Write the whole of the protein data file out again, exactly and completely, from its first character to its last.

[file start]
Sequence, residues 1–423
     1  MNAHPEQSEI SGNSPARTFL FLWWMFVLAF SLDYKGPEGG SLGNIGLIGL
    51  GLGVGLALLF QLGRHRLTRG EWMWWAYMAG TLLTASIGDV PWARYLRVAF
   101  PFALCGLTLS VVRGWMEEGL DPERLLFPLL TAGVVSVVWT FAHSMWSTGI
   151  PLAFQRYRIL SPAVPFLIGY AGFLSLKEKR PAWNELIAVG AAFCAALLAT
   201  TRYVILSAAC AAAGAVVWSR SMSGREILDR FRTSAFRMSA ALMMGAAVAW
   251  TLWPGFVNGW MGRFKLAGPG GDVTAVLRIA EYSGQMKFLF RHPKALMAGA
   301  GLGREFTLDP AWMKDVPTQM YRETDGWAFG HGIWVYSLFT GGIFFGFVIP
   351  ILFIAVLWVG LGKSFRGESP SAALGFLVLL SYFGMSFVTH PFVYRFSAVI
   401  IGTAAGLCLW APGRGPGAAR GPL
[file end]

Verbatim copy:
Sequence, residues 1–423
     1  MNAHPEQSEI SGNSPARTFL FLWWMFVLAF SLDYKGPEGG SLGNIGLIGL
    51  GLGVGLALLF QLGRHRLTRG EWMWWAYMAG TLLTASIGDV PWARYLRVAF
   101  PFALCGLTLS VVRGWMEEGL DPERLLFPLL TAGVVSVVWT FAHSMWSTGI
   151  PLAFQRYRIL SPAVPFLIGY AGFLSLKEKR PAWNELIAVG AAFCAALLAT
   201  TRYVILSAAC AAAGAVVWSR SMSGREILDR FRTSAFRMSA ALMMGAAVAW
   251  TLWPGFVNGW MGRFKLAGPG GDVTAVLRIA EYSGQMKFLF RHPKALMAGA
   301  GLGREFTLDP AWMKDVPTQM YRETDGWAFG HGIWVYSLFT GGIFFGFVIP
   351  ILFIAVLWVG LGKSFRGESP SAALGFLVLL SYFGMSFVTH PFVYRFSAVI
   401  IGTAAGLCLW APGRGPGAAR GPL